Scientist are studying an anomaly in Earth's magnetic field - the South Atlantic Anomaly - which they say plays a unique role in pole reversal of Earth's magnetic field.
Researchers at Rochester University have published a paper in Geophysical Research Letters where based on new data collected in Africa they have extended their record of Earth’s magnetic field back thousands of years to the first millennium. The latest data is said to be important missing piece required to better understand and explain the recent and ongoing changes in Earth's magnetic field, most prominently in an area in the Southern Hemisphere known as the South Atlantic Anomaly.
The researchers discovered that the magnetic field in the region fluctuated from 400-450 AD, from 700-750 AD, and again from 1225-1550 AD. This South Atlantic Anomaly, therefore, is the most recent display of a recurring phenomenon in Earth’s core beneath Africa that then affects the entire globe.
One obvious question that comes up is whether Earth's magnetic poles will reverse anytime soon. To this the research team says no! Researchers say their findings do not necessarily portend a complete pole reversal.
They acknowledge that this unusual behavior has occurred at least a couple of times before the past 160 years, and is part of a bigger long-term pattern, however, it’s simply too early to say for certain whether this behavior will lead to a full pole reversal.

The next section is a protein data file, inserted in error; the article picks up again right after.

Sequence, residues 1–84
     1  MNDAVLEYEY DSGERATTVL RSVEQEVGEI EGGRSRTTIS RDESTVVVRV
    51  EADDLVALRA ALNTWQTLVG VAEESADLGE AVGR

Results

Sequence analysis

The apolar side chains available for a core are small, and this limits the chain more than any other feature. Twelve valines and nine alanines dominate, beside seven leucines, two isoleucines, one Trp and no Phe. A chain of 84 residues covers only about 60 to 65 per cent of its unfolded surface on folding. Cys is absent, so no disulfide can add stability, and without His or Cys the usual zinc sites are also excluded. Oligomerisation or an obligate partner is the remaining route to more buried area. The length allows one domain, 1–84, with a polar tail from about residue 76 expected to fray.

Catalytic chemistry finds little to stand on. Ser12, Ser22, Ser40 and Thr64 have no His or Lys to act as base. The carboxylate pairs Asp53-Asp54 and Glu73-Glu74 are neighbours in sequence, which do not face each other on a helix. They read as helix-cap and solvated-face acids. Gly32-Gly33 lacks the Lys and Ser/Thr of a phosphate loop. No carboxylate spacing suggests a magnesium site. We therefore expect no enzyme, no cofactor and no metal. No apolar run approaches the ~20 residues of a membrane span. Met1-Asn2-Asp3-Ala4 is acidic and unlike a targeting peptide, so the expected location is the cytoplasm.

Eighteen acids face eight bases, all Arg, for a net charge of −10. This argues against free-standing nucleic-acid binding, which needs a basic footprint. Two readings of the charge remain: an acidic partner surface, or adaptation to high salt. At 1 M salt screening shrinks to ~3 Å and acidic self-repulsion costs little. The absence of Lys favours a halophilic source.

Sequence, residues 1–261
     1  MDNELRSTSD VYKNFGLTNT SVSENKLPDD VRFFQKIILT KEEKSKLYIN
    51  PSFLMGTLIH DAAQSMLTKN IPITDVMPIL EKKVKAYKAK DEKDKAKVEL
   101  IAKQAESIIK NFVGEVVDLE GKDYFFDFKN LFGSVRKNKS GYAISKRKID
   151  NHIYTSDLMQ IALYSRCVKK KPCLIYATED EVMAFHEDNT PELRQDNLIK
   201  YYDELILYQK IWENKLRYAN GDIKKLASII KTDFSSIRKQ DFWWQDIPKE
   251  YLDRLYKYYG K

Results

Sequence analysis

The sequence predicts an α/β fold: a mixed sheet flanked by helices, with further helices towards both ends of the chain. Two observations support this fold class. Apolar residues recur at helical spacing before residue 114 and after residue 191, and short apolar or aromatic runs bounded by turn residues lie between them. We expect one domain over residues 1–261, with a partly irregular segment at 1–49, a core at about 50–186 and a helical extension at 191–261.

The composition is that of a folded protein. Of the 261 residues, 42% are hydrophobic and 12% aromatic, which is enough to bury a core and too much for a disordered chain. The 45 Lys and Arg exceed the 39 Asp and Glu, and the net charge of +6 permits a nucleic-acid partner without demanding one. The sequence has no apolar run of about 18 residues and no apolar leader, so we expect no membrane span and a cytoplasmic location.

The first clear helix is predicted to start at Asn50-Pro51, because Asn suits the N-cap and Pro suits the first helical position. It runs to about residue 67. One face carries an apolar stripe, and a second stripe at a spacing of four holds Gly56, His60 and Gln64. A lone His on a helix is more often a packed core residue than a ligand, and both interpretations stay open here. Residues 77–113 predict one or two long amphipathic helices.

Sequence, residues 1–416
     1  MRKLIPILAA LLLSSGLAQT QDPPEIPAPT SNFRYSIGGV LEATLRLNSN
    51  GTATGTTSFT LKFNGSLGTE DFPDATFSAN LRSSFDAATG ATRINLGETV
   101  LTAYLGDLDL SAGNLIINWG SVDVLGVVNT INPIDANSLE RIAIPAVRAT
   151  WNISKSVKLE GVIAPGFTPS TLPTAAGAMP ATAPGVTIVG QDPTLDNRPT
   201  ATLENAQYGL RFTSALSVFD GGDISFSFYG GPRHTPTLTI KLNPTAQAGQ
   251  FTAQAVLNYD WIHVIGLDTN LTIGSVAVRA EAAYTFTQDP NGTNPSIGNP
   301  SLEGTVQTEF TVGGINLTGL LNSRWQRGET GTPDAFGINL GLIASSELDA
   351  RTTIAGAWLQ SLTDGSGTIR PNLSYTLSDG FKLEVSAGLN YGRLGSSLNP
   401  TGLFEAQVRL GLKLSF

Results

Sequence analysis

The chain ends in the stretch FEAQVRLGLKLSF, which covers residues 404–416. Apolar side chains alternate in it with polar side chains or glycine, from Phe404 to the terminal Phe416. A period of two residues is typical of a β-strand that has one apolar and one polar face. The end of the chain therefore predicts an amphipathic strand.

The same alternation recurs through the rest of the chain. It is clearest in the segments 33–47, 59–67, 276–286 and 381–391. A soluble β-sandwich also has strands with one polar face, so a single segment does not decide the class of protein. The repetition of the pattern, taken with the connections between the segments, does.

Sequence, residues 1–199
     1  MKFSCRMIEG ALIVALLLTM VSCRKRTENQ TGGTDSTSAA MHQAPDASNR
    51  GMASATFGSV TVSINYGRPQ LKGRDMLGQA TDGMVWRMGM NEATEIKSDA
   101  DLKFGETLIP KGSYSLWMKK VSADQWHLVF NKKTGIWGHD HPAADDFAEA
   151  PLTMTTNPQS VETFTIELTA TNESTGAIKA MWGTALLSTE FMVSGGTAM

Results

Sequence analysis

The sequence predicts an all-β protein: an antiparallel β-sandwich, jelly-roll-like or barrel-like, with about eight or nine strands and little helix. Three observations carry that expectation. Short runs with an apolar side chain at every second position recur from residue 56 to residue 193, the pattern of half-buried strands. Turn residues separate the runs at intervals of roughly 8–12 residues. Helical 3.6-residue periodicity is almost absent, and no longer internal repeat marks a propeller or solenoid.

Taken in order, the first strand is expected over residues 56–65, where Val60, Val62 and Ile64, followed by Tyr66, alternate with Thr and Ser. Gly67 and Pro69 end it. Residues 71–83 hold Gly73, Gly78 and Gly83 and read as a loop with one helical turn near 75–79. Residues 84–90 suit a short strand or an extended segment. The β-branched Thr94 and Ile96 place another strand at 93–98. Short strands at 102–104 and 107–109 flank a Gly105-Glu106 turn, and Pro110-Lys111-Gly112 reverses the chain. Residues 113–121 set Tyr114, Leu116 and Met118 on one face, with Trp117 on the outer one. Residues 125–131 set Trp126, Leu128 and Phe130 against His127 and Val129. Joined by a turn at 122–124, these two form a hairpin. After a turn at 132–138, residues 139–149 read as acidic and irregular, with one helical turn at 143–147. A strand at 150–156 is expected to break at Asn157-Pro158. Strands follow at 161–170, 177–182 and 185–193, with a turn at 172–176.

The magnetic field is generated by swirling, liquid iron in Earth’s outer core. It is here, roughly 1800 miles beneath the African continent, that a special feature exists. Seismological data has revealed a denser region deep beneath southern Africa called the African Large Low Shear Velocity Province. The region is located right above the boundary between the hot liquid outer core and the stiffer, cooler mantle. Sitting on top of the liquid outer core, it may sink slightly, disturbing the flow of iron and ultimately affecting Earth’s magnetic field.
A major change in the magnetic field would have wide-reaching ramifications; the magnetic field stimulates currents in anything with long wires, including the electrical grid. Changes in the magnetic field could therefore cause electrical grid failures, navigation system malfunctions, and satellite breakdowns. A weakening of the magnetic field might also mean more harmful radiation reaches Earth—and trigger an increase in the incidence of skin cancer.
Even if a complete pole reversal is not in the near future, however, the weakening of the magnetic field strength is intriguing to scientists, says one of the researchers. The possibility of a continued decay in the strength of the magnetic field is a societal concern that merits continued study and monitoring, the researcher adds.